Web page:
I know it’s a cliché, but when I was a kid in the 1970s, my grandmother loved to watch wrestling on TV and so, on Saturday afternoons, even though I sneaked my way to the Grandstand, World of Sport was the order of the day. home. This meant time in the company of Mick McManus, whom my grandmother loathed with all her soul, Kendo Nagasaki, the Giant Haystacks and, of course, World of Sport presenter Dickie Davies.

I loved the Davies almost as much as I loved David Coleman because they were the faces and voices of sport in my childhood.

Jim Rosenthal, another of the greats who presented, broke the news that Davies had passed away at the weekend, but it will always stick in my mind whenever I think of the Saturday afternoons lost to sports in the front room at 7 Heyes Lane.

Dickie Davies was best known for presenting the hit ITV sports show - World of Sport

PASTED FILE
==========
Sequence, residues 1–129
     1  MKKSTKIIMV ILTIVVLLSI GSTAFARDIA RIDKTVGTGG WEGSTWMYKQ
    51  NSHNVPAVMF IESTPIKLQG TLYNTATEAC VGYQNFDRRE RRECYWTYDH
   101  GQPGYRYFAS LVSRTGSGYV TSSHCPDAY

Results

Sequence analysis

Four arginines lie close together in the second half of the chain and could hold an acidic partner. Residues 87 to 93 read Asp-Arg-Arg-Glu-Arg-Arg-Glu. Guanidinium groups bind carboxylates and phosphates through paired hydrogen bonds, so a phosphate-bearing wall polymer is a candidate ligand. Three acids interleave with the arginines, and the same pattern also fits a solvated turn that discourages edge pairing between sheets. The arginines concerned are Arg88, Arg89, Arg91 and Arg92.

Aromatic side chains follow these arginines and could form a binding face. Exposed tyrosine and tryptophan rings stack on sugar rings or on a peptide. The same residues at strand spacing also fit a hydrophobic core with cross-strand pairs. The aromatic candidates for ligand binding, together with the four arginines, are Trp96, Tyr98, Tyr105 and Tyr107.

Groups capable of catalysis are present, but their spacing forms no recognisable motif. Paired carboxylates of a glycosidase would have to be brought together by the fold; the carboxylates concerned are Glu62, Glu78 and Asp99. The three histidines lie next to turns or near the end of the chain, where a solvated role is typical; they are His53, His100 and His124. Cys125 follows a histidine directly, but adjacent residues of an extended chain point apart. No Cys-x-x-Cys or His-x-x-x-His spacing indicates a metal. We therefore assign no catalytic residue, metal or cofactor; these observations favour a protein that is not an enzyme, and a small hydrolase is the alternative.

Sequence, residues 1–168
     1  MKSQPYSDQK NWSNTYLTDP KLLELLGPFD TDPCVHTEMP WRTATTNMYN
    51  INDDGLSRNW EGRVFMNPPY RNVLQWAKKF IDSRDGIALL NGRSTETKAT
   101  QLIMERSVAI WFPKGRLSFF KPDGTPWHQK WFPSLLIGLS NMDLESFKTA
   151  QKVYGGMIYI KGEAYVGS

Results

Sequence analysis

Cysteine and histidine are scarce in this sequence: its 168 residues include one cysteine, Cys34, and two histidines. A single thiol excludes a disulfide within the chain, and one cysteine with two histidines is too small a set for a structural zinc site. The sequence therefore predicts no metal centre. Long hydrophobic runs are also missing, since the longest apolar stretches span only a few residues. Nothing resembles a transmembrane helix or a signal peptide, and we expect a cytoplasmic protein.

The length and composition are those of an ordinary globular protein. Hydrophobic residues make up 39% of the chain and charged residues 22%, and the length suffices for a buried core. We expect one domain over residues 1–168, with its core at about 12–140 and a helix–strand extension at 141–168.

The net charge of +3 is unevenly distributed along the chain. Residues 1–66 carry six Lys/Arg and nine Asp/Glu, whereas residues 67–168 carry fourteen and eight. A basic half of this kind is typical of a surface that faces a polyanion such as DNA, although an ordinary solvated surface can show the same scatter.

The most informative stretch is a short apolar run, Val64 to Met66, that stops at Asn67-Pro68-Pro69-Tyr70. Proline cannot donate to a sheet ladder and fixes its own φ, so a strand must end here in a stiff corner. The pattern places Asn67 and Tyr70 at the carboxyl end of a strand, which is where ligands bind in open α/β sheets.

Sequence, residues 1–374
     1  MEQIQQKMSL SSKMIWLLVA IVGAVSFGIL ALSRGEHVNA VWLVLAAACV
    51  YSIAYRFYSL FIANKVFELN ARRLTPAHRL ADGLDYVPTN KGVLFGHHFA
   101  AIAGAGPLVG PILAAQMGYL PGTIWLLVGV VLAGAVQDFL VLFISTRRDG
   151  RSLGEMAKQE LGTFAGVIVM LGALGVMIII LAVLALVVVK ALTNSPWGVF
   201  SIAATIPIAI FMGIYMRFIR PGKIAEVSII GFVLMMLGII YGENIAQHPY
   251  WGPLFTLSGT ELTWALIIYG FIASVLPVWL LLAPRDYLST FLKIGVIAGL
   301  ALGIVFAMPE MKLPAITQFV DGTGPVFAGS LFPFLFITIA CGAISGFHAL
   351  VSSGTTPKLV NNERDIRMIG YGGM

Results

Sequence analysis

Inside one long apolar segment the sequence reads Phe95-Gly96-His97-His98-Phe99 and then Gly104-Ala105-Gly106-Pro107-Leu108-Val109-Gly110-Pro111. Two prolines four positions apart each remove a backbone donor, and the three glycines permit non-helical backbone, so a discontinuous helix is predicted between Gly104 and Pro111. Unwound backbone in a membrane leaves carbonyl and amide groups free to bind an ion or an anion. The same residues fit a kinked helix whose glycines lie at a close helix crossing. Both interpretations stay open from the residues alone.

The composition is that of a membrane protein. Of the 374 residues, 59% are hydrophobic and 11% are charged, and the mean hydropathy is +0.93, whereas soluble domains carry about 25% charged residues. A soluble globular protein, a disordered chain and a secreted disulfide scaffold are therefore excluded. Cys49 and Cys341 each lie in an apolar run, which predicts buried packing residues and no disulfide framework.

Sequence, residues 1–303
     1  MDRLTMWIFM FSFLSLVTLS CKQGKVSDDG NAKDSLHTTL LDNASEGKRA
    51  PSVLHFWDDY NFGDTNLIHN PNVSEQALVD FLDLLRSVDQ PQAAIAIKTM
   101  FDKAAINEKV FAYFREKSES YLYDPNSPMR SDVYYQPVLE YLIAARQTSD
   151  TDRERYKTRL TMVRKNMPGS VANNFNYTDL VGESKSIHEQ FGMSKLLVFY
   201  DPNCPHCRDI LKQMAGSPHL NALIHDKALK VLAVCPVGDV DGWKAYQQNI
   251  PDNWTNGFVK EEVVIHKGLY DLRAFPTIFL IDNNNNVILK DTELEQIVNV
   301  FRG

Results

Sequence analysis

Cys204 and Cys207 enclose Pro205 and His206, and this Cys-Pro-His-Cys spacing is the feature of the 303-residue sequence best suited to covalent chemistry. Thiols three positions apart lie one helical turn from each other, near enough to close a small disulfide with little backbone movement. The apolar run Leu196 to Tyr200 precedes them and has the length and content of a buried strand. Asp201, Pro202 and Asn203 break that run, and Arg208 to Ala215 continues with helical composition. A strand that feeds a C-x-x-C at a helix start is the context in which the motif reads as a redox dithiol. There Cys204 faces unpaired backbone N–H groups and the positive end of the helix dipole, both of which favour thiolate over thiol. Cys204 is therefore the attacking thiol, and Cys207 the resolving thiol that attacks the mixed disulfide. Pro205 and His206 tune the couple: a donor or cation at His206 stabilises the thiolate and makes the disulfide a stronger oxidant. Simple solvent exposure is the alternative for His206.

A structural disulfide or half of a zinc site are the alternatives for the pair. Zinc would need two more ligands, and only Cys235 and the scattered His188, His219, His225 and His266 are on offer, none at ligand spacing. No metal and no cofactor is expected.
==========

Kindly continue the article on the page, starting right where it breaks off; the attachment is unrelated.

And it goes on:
Dickie Davies was best known for presenting the hit ITV sports show – World of Sport


Another failure of my sense of humour: there was much amusement last week when Bolton Wanderers announced a new five-year stadium naming rights deal with local recyclable building products manufacturer Toughsheet.

Starting in July, the stadium will be known as Toughsheet Community Stadium.

Sorry to be mean but deals like this make a proud old club like Bolton laughable.

They bring cash to the club but cheapen its heritage. Laugh if you want, but it’s just another sign of the desperate times facing lower league clubs.